As a police investigation of allegations of fraud and money laundering in the Balad party continued, several suspects were released after detention hearings held in the Haifa and Rishon Letzion magistrate’s courts Sunday and Monday.
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Most of the suspects were released with restrictions. Of the 36 suspects that have been arrested, six remain in custody.
Police suspect that senior Balad officials systematically transferred millions of shekels to the party’s coffers illegally while committing fraud. Police believe that funds from a variety of Israeli and foreign sources were falsely reported as having come from hundreds of individual local donors.
Balad is one of the three mainly that together form the Joint List. None of the party’s legislators has been questioned in connection to the investigation.
“They want to portray us as a crime organization to scare people and humiliate us in public,” Balad Secretary General Matanis Shehadeh told Haaretz Monday outside the Haifa Magistrate’s Court.
“That’s the idea, to hurt us politically, because legally this won’t hold water.”
A lawyer for one of the suspects, who asked that his name not be published, said that it appears that there is something to the allegations.
“It could be that it meets the standards for criminality. In my opinion Balad, as a party, has never grappled with such a serious legal problem. It’s a serious case. I don’t remember any party in the country dealing with such a problem,” the lawyer said.
He went on to say that even the fraud and corruption allegations against figures in Yisrael Beiteinu were less serious than the suspicions about Balad.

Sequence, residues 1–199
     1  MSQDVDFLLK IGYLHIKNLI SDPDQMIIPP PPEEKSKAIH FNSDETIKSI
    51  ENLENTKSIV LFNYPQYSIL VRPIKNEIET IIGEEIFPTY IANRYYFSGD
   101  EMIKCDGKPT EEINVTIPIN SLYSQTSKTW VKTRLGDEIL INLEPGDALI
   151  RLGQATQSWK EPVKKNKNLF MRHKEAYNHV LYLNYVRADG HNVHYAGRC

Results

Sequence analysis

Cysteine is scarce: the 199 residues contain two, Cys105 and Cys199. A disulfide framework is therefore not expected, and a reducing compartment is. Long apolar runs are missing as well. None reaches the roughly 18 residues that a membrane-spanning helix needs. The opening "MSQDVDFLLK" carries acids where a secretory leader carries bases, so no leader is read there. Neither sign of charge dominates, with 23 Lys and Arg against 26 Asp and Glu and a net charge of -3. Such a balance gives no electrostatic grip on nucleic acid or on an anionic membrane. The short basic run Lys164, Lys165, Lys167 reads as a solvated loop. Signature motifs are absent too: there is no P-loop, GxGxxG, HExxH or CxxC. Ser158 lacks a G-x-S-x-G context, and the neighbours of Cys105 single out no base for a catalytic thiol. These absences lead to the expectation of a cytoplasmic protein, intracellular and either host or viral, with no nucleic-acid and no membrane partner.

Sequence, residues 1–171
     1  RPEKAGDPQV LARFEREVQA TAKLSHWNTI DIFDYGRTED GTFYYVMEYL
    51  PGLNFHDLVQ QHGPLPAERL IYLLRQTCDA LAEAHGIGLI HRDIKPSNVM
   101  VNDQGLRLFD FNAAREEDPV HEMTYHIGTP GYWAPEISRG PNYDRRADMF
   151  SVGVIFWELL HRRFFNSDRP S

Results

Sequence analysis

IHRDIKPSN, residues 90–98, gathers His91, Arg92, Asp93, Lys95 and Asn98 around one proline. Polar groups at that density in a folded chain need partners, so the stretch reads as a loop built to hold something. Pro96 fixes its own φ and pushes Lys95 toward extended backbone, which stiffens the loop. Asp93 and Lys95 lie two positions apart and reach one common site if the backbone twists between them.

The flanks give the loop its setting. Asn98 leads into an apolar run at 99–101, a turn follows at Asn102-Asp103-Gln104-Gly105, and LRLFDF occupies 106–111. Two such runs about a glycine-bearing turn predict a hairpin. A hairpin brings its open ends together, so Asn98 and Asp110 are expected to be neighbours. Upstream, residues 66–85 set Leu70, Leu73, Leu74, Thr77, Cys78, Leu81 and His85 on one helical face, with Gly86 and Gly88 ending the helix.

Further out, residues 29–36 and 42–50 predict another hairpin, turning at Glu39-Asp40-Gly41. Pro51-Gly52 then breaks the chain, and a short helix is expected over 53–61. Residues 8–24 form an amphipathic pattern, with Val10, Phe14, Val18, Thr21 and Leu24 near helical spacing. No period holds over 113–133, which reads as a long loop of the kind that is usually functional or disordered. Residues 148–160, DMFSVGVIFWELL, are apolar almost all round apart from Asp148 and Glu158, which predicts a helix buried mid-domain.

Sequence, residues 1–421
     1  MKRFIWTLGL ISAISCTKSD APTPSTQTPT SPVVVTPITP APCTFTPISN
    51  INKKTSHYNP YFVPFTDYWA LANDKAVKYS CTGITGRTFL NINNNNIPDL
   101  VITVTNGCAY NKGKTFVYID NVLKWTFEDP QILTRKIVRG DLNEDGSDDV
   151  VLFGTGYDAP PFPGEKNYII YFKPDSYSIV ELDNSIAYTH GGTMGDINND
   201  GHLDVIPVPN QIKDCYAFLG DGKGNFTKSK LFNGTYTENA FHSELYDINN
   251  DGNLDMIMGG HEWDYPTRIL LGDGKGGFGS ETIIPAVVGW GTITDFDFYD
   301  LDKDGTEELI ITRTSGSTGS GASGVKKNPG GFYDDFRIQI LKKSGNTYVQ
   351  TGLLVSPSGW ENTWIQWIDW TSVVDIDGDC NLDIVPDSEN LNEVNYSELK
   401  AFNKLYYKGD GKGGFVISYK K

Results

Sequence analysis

“The issue of money laundering and criminal fraud is like a brush fire. It eats everything, green and dry. If it’s proved, of course,” the lawyer said.
“Raising money in contravention of the Party Funding Law, or falsifying corporate documents, are things that can be overcome.” But in this case, he said, at issue is the allegation of money coming from illegal sources, and to launder the funds activists issued Israeli receipts for permitted sums.
“Apparently they issued receipts of a magnitude that matched the contributions that they received in improper ways. That’s a serious offense,” he said.
He added that this suspicion makes it possible for the police and the Anti-Money Laundering Authority to seize suspects’ assets.
“All of those connect to the money laundering had their assets seized,” he said. “Some of them don’t even know what was attached. When they get home they’ll discover that everything they own was attached. Everyone who has a car had it confiscated. They’ll come home and find their bank account frozen and liens on land that they purchased.”
The wife of one of the suspects, who like the lawyer did not want to identify herself or her spouse, said that she still doesn’t know exactly why her husband was arrested. Although she understands what the general allegations are, it hasn’t been clarified who is being accused of what. She added that the arrest itself was traumatic.
“To come get someone in the middle of the night is really disproportionate,” she said. “I’m a strong woman, at least that’s how I think of myself, but I’m helpless facing a system that I don’t understand. We are not criminals; I don’t have the phone numbers of criminal lawyers. I don’t know how to maneuver in this system and I don’t want to know.”
Balad MK Basel Ghattas, who also came to the court, said investigators were trying to make it look as if the party systematically launders funds, with the media talking about suitcases full of cash.
“Forged documents, that’s the most they’ll find,” said Ghattas. He said other parties had been investigated on similar suspicions, “But it wasn’t an operation like this. They didn’t come to collect people in the middle of the night in a military operation.”
A few dozen people demonstration outside the Haifa courthouse, protesting what they said was political persecution by the government.